The Skinny on Run-flat Tires
By Aaron Robinson
The Black Art of Black Rubber
Tuning tires comes down to forging a series of compromises between conflicting
forces to get the ride and performance balance ideal for your new model. Here
are some examples: stiffer sidewalls create better performance because the
tire deforms less in corners and under acceleration and braking. That creates
the kind of crisp control responses you expect in a sports car. But, stiffer
tires also transmit more bump energy into the chassis, which makes for a
harsher ride. Larger tires have a bigger “contact patch,” the vital link
between the car and Mother Earth. The bigger the contact patch, the more grip
you have and the better the car turns, accelerates, and brakes. But, it also
generates more noise, cuts fuel economy, and has worse sloppy-weather
traction. Softer rubber compounds in the tread provide better grip, but wear
out more quickly.
And so on…
Car engineers are accustomed to juggling these tradeoffs to get the ride and
handling they want. With run-flats, it’s a whole new world. The stiffer
sidewalls of a run-flat, for example, mean smaller contact patches and more
bump-energy transmission. Indeed, the first run-flat tires were cited for
their low grip and harsh ride. As demand for run-flats has increased, the car
industry is becoming smarter about how to adapt the technology.
For starters, the tire makers are devising better rubber formulas that reduce
the ride penalty caused by the reinforced sidewalls. Driving a 2005 Ford
Mustang GMT equipped with Pirelli’s Eufori@ tires through the villages of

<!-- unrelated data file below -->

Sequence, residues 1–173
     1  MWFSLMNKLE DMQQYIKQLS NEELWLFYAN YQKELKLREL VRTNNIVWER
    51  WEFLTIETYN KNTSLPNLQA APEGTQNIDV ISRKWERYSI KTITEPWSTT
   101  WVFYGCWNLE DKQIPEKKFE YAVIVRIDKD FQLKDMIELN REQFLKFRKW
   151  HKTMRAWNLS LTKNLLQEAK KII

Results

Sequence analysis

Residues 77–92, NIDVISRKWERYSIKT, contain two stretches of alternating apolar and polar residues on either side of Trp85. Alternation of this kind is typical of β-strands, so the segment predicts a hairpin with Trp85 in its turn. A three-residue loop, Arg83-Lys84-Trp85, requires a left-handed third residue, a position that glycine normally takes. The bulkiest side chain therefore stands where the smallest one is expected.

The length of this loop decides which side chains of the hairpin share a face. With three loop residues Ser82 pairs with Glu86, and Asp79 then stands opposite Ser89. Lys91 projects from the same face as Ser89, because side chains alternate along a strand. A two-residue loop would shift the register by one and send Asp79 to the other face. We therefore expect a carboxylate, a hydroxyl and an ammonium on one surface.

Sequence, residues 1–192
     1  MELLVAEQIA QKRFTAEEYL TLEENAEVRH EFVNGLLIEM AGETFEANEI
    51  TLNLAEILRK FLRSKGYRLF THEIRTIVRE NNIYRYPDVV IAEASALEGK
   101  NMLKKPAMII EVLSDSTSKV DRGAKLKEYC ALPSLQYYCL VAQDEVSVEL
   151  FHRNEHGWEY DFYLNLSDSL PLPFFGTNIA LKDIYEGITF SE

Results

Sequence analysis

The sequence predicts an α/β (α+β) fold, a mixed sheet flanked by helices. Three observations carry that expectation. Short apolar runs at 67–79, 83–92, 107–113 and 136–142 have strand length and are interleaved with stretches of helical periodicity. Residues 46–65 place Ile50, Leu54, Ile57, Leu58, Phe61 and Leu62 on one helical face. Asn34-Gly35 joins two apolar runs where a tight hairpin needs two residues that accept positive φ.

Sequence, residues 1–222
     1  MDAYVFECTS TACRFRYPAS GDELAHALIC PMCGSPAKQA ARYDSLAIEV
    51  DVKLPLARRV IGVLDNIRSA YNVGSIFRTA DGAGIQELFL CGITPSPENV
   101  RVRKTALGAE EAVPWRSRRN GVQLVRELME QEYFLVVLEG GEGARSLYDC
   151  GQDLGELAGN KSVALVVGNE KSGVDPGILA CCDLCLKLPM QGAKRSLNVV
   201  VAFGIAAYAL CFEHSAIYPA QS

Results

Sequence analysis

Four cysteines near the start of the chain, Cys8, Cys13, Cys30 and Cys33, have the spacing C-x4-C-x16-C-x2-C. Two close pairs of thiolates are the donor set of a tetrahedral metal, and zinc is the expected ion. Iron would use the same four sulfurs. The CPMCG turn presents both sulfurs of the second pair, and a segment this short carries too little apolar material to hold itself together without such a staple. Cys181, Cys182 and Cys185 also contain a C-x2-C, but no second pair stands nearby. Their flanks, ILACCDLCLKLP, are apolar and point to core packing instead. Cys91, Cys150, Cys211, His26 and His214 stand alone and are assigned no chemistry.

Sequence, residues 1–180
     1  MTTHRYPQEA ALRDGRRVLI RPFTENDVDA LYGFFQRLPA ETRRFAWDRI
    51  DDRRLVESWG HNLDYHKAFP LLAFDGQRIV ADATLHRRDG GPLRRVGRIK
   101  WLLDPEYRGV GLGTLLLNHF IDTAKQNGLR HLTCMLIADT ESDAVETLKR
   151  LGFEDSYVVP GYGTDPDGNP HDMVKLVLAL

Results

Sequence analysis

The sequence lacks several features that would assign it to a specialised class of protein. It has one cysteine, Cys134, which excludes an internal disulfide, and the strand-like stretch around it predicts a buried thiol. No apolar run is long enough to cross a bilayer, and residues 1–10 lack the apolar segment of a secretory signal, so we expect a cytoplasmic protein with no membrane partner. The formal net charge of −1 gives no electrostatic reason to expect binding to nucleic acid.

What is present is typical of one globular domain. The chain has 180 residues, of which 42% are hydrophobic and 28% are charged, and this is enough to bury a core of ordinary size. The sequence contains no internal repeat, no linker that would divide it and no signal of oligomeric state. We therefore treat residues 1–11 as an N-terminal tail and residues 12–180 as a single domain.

southern France turned a lot of heads but didn’t bobble ours over rough
pavement. The automakers have also started tuning their suspensions
specifically for run-flats. One tweak is relaxing the “durometer,” or
stiffness of the suspension bushings, to help cushion impacts that would
better absorbed by a conventional tire.
What Does it All Mean?
If your car didn’t come with run-flats originally, proceed with caution.
Run-flats work best with suspensions that are designed for them from the
outset. You may find the ride too stiff for your liking. If the new car you
are shopping for has run-flats, forget the negative press you have read in the
past. Run-flat technology has rolled a long way since the early days, and it’s
going to continue. Part of Pirelli’s display included a prototype wheel rim
cast with a hollow chamber that is pumped with air. If the tire develops a
leak, a warning signal lights on the dash while a valve allows air to pass
from the chamber to the tire, maintaining tire pressure until you can safely
pull over. Another system in development constantly monitors air pressures,
calling the driver on his or her cell phone if the pressures drop below normal.
Wait. Tires that call you on your cell phone? It’s not just dumb rubber any
Aaron Robinson has spent the past 15 years reporting on cars and the car
industry, first for a national car dealer magazine, then for the weekly trade
newspaper "Automotive News," now as Technical Editor of the world's largest
consumer car monthly, "Car and Driver." When not hunched over a word
processor, he's usually found in his garage trying to save worthless old cars
from a well-deserved trip to the junkyard.